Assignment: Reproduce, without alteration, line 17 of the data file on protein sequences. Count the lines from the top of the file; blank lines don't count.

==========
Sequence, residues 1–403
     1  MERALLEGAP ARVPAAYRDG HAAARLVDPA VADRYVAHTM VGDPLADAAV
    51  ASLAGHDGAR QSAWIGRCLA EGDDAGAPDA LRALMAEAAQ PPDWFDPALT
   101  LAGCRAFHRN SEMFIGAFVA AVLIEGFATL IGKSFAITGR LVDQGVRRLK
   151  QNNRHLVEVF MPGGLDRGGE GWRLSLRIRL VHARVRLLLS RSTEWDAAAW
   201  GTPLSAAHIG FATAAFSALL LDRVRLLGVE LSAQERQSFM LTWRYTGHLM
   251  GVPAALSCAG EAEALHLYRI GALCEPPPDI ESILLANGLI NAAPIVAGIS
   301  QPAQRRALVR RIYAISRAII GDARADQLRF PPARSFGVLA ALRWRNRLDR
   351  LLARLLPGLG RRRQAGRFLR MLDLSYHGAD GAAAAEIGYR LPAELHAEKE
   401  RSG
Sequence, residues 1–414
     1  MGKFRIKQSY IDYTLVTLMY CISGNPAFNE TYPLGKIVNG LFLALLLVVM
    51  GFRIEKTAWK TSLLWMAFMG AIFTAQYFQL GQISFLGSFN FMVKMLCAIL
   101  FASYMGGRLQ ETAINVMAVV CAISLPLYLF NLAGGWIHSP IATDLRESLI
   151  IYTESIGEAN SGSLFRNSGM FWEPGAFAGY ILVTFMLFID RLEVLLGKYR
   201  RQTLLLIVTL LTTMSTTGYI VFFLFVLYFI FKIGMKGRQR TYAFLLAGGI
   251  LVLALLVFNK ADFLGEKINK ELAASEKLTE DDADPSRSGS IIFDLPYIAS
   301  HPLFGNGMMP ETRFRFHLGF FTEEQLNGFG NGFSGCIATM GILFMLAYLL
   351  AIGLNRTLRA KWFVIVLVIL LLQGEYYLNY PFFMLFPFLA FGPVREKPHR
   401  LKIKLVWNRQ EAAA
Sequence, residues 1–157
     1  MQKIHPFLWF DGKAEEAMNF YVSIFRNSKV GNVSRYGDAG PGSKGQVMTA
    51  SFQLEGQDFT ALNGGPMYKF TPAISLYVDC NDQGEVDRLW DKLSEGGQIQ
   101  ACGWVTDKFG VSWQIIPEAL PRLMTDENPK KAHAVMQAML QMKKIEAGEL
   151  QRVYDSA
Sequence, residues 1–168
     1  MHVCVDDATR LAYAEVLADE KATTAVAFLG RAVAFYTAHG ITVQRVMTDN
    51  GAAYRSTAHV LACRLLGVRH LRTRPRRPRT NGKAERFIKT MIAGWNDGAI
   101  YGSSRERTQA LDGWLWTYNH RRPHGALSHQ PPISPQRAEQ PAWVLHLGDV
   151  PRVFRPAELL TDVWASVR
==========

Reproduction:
   251  LVLALLVFNK ADFLGEKINK ELAASEKLTE DDADPSRSGS IIFDLPYIAS